Encore of Revival: America, July 31, 2017

Revelations this week about the Russians’ involvement indited Putin more than anyone. This occurred along side more sanctions against Russia and Putin seriously diminishing Moscow-DC ties. If Putin wanted Trump, he isn’t acting like it. But, what Putin did want can only be conjecture for anything beyond expansion of Russia and chaos in the West to get it. That’s what they got.

This hopeless-from-the-beginning investigation into Russian collusion was mere grandstanding from a defeated political party—the Democrats. Their foreseen-fruitless pursuit has now resulted in revelations that have escalated the very conflict they campaign on preventing. But, since when have keeping campaign platform promises ever mattered in reelection for either main political party?

Bill Browder’s testimony to the Senate was blocked by Democrats. When he finally testified, many Democrats didn’t show up, nor their media entourage. The information he brings to the table is vast. So far, his testimony and understanding into Russia’s meddling in the US is the most extensive. Russia wasn’t just trying to get one politician elected, but to create chaos in America altogether, to lobby for certain laws, and to distract Americans with things that never actually happened. No one has cooperated with that effort as well as the media—wittingly or otherwise.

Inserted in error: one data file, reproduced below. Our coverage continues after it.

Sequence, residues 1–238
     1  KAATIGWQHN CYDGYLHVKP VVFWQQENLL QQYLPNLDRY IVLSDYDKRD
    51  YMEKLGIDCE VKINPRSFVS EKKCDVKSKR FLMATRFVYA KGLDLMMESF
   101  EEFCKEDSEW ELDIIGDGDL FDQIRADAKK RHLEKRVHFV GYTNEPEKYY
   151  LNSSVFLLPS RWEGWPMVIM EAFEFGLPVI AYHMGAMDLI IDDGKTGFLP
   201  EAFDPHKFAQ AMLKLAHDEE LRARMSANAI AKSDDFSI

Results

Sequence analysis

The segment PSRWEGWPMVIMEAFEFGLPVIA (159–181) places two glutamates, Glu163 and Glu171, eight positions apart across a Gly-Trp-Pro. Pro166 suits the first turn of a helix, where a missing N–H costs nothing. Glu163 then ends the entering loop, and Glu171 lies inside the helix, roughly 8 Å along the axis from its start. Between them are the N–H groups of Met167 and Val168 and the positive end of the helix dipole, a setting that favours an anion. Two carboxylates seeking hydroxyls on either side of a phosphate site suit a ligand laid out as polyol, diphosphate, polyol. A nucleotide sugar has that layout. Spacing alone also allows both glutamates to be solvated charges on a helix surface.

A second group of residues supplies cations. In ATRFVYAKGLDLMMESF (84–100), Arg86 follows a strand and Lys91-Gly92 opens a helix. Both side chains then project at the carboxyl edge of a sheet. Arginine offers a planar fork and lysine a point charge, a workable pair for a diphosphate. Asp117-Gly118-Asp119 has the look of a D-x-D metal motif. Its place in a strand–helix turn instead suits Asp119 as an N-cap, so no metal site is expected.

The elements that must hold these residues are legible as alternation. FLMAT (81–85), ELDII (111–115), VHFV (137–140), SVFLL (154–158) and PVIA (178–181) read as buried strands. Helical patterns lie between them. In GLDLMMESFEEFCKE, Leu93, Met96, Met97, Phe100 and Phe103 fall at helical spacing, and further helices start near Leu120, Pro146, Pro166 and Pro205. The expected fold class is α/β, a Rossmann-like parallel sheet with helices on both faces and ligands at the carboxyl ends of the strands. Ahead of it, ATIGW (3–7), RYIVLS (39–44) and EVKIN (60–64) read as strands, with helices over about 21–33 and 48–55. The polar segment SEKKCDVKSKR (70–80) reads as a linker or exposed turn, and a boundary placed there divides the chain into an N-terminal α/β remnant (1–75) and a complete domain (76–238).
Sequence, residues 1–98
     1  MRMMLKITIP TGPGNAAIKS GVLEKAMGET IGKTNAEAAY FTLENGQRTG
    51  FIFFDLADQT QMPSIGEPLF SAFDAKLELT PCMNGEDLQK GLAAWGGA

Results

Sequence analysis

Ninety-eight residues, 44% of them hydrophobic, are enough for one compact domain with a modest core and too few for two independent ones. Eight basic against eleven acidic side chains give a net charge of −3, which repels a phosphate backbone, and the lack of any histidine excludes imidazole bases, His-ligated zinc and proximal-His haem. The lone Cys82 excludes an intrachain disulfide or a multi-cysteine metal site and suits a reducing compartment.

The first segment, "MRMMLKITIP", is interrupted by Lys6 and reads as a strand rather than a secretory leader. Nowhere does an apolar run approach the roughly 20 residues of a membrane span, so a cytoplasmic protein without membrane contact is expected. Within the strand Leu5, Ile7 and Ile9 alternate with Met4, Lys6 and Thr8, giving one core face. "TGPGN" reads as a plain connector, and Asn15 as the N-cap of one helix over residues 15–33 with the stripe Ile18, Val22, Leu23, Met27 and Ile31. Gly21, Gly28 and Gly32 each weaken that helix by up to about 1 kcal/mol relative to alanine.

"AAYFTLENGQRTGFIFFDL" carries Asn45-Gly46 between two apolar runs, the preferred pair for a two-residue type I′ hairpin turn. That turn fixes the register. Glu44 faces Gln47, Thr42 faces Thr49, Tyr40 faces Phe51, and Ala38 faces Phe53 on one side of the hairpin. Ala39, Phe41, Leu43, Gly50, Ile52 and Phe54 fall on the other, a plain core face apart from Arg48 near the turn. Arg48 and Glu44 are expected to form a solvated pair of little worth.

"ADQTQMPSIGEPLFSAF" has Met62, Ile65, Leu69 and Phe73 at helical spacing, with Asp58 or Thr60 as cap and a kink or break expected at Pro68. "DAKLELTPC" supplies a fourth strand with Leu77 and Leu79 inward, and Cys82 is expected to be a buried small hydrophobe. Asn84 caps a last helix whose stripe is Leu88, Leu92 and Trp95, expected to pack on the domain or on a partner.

To date, reports include that the document James Comey had as evidence against Trump—the infamous Trump dossier—was a known fake. The FBI knew it was made by a former MI6 member and has zero evidence to back it. If the MI6 member could find evidence, the FBI was ready to pay $50k. The FBI did get a FISA warrant with the very dossier that they knew was so phony that they wouldn’t pay the $50k for. This was the same dossier Comey took to Trump as evidence against him. Trump knew Comey was using fake evidence.